It's not often you could call a high-performance Jaguar a bargain, but I think the latest XFR qualifies.
It's not often you could call a high-performance Jaguar a bargain, but I think the latest XFR qualifies. This is a proper extreme machine, as befits the R-brand: it has a supercharged 5.0-litre V8 that makes 375kW/625Nm and will accelerate to 100km/h in under five seconds (just).
The XFR has always been relatively inexpensive compared with German rivals such as BMW M5 and Mercedes-Benz E 63 AMG, but earlier this year Jaguar New Zealand cut another $10,000 off the price. For $160,000, a specialised car of this ability and size is, well, a bargain.
The XFR is fairly subtle, granted. The body kit is low-key, although the gaping front intakes and bonnet vents are quite aggressive. The R wears unique 20-inch alloys, although they're more pretty than purposeful.
The cabin is cosseting like any other XF but doesn't exactly shout about its R- status, save sports seats and some discreet badges.
None of this is an indication that the XFR is half-hearted. Rather, it shows that Jaguar still values good taste and subtlety. But the XFR is an intricately engineered executive rocketship, make no mistake. Aside from the monster engine, the XFR boasts redesigned steering and suspension, heavily uprated brakes and a sophisticated computer-controlled active differential.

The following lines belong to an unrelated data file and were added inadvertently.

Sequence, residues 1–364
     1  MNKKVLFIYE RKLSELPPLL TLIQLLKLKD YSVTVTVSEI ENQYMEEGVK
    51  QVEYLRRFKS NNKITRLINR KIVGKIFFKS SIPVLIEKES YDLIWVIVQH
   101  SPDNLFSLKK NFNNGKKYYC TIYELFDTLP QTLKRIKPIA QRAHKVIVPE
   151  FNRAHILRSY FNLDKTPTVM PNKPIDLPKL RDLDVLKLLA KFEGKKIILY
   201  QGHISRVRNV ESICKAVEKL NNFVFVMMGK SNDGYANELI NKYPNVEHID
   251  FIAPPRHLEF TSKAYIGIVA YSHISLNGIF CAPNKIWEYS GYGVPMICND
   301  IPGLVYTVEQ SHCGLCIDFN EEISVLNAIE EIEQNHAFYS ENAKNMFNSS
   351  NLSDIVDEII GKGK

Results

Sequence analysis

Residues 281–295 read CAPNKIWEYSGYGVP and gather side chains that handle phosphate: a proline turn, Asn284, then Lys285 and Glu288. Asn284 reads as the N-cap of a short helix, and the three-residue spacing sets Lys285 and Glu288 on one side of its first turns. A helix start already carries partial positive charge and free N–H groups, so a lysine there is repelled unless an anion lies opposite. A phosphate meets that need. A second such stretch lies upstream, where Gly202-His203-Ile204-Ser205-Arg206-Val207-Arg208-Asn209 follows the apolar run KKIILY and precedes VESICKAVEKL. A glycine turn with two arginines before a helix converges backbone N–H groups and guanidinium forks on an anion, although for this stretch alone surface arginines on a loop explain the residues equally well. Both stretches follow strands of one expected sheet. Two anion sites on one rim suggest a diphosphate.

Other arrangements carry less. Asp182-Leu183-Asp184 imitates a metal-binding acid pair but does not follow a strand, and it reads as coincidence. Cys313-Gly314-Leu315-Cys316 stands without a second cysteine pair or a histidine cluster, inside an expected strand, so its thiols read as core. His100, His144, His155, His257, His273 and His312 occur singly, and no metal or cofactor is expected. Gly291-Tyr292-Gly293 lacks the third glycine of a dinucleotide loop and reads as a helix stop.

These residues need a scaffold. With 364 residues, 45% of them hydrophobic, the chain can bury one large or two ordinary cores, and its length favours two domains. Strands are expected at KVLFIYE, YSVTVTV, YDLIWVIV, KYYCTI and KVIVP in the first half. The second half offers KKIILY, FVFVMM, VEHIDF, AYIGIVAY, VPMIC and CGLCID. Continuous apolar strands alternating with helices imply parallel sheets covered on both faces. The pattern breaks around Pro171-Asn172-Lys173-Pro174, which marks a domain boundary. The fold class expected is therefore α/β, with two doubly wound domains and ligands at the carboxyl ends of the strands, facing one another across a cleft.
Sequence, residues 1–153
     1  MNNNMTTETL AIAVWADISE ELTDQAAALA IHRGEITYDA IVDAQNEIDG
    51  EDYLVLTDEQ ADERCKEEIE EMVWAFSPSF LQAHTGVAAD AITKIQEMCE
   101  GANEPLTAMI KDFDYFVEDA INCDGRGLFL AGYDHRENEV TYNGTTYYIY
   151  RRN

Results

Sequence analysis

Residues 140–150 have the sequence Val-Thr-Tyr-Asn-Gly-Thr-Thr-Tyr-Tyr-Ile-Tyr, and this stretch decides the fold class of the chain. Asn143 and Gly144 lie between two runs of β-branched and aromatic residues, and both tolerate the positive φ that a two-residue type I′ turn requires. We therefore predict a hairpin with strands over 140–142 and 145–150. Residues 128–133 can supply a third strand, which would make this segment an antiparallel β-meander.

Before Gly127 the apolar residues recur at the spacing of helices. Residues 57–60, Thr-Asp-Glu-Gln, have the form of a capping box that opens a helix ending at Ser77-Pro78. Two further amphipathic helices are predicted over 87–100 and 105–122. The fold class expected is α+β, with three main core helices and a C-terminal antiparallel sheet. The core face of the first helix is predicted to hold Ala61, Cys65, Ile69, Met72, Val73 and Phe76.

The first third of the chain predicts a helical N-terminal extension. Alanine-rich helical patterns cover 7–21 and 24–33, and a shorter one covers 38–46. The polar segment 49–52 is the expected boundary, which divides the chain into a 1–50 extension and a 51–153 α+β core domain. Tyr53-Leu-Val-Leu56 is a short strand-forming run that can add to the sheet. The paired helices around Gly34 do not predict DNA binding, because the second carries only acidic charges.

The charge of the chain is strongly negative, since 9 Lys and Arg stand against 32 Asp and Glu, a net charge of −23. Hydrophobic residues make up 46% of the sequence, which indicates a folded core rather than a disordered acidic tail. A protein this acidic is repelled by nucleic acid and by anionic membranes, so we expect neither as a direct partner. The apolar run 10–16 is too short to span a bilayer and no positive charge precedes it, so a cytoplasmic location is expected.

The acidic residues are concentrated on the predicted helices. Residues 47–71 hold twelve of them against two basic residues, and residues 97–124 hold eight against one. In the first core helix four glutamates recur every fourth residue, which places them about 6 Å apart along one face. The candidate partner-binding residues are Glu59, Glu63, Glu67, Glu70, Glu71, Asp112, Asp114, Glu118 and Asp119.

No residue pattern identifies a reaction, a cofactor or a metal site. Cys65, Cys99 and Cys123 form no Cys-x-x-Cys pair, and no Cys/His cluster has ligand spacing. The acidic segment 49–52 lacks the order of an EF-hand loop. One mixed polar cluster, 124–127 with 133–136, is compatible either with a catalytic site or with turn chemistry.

The beauty of the XFR is that it's a practical pseudo-supercar, because it's very easy to drive when you're not pressing on. The big V8 is docile at low speed, the six-speed automatic transmission gets on with business unobtrusively and there's absolutely nothing intimidating about the car from behind the wheel.
Quite the opposite, in fact. It rides astonishingly well for a high-performance car on sports suspension and massive rims, and the interior ambience is still every bit as luxurious as you'd expect of a Jaguar. Any Jaguar. The XFR plays luxury car so well – better than its hard-core German rivals.
And performance car? The XFR is packed full of powertrain character, thanks to the throb of a V8 and the satisfying whirr of an old-school supercharger. Dynamically, it's every bit as capable as its rivals but also keeps things pretty simple: there are no powertrain settings or suspension modes to play with, which is a good or bad thing depending on how much you like to customise the driving experience.
For this car, Jaguar has simply set it up as it sees best for a wide range of driving conditions and it has done a brilliant job. It lacks very little for the enthusiast driver (as opposed to the one who wants to merely show off) – save the new eight-speed automatic transmission that is working its way into the Jaguar range. It's certainly coming for the XFR. To be perfectly honest it doesn't feel like it's desperately needed, but it's still disappointing that the entry-level four-cylinder XF has the eight-cog unit and this flagship model doesn't.
But in all other respects the XFR is an astonishingly complete super-sedan.